How Big a Revenue Boost from LTE?


Whenever a next-generation mobile network replaces an older network, there typically is room for both product substitution that does not dramatically affect total revenues, and incremental revenue lift, initially from higher prices, and later from new services.


Juniper Research forecasts Long Term Evolution network subscribers will double from an estimated 105 million subscribers in 2013 to nearly 220 million in 2014.

What that means in terms of incremental revenue is less clear, though many service providers are using the LTE rollout as an opportunity to raise data plan prices. In many markets, 4G data plans will simply cannibalize 3G plans, with some incremental revenue lift if operators are able to charge a 4G pricing premium.

That might be more the case in developing markets, where 3G cost premiums over 2G rates were quite significant.

But market conditions might lessen the amount of price premium possible in particular markets. In many markets, 4G tariffs had to be lowered, or usage buckets increased, while price remained constant,  because of market conditions.

And some competitors have simply chosen not to charge a premium for LTE access.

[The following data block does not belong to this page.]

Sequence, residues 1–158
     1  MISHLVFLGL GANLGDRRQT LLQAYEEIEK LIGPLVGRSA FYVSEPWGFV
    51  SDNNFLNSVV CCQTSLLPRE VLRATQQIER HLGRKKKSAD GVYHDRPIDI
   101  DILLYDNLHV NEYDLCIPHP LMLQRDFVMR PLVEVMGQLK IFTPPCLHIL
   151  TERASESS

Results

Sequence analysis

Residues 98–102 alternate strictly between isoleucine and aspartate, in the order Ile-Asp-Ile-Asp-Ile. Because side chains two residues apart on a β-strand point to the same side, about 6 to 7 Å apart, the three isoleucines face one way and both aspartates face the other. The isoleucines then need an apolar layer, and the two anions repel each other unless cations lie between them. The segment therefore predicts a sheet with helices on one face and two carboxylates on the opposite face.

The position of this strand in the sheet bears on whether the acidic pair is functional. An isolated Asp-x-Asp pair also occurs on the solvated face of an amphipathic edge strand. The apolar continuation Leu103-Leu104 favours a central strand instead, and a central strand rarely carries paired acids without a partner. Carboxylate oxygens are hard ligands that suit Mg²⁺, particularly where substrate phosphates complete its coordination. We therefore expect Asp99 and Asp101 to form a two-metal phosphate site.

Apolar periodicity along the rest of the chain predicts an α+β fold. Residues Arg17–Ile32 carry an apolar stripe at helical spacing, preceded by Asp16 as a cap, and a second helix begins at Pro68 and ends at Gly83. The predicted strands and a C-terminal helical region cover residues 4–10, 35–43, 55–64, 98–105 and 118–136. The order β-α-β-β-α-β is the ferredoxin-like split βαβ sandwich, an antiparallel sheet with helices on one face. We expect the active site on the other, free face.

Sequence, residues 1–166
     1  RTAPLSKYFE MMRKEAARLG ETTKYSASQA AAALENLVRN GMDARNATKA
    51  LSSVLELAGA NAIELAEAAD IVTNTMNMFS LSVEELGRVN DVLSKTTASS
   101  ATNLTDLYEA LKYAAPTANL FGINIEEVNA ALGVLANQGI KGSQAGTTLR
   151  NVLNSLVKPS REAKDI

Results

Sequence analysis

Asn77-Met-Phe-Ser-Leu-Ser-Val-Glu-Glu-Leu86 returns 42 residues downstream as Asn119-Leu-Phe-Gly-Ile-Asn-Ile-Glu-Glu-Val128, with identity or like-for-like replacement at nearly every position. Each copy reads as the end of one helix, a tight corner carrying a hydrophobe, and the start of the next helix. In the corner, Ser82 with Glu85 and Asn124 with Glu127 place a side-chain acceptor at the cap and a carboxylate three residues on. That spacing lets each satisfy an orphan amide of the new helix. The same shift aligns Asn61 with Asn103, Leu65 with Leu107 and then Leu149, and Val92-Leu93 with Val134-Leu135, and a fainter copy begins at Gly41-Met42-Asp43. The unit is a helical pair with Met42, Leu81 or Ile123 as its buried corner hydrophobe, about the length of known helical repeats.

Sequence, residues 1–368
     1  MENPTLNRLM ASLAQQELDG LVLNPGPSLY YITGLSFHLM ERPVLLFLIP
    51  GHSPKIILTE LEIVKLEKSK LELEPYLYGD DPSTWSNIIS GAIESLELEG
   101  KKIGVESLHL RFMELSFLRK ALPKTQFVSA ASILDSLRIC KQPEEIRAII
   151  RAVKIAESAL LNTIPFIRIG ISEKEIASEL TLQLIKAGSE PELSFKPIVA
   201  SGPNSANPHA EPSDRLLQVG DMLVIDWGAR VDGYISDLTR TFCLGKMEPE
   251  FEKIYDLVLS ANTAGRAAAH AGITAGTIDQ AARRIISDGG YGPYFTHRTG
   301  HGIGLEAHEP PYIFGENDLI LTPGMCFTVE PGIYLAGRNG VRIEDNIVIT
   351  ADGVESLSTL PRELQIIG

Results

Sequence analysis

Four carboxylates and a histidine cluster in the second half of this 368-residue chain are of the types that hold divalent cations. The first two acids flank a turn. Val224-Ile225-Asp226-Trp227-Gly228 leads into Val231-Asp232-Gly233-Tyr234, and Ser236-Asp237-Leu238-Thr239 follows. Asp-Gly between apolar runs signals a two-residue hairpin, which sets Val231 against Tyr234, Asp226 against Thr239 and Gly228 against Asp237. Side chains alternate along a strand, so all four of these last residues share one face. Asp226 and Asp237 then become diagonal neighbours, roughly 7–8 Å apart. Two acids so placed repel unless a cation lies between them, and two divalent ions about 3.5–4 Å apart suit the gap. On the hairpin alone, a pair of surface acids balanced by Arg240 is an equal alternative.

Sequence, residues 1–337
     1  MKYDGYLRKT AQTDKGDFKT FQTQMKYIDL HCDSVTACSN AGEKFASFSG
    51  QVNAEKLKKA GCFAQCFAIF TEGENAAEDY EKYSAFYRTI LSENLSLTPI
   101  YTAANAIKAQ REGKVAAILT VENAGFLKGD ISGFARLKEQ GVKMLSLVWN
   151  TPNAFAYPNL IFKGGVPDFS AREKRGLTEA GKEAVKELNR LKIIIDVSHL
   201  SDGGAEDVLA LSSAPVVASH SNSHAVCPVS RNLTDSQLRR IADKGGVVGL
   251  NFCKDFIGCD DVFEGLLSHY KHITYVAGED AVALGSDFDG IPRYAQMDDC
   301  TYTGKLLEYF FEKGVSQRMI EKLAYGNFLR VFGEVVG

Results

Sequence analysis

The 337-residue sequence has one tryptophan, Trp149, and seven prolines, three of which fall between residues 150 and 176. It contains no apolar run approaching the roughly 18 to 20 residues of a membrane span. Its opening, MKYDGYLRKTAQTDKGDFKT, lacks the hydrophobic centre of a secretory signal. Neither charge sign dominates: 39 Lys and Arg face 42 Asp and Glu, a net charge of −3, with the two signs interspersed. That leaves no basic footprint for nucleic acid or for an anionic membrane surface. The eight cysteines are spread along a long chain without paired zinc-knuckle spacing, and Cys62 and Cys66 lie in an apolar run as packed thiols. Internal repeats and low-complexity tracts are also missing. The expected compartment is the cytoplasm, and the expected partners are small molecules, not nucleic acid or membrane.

In some cases, consumers think the 4G prices are too high.


That is not to say new applications are unimportant. It might turn out that revenue lift occurs for indirect reasons, such as users consuming more mobile data as appetites for mobile video entertainment consumption continue to grow.

It also is possible more consumers will start using tethering features for their tablets and PCs, which likewise will increase consumption. The point is that, even in the absence of new apps, mobile service providers should see incremental revenue from 4G.

But the “gross revenue” figures we will be seeing will have to be weighed against the cannibalization of 3G data revenues.

“To some extent, 4G may not impact mobile innovation the way 3G did,” observes Dan Hays, PwC US Wireless Advisory Leader. “We may be more likely to see second order effects from 4G rather than new things enabled by the technology itself.”

In other words, there might not be as much application innovation as some believe, nor might the revenue lift revenue lift be as significant as some believe.

“I believe 4G will enable operators to deliver a more consistent experience, more ubiquitously,
at a lower cost and allow them to make money and stay in business,” said Hays. That sounds a bit like the upside from fiber to home networks.

There is some revenue upside, particularly from video entertainment services. But much of the benefit comes from “future proofing” or lower operating and repair costs. Lower costs per bit is one advantage, for example.
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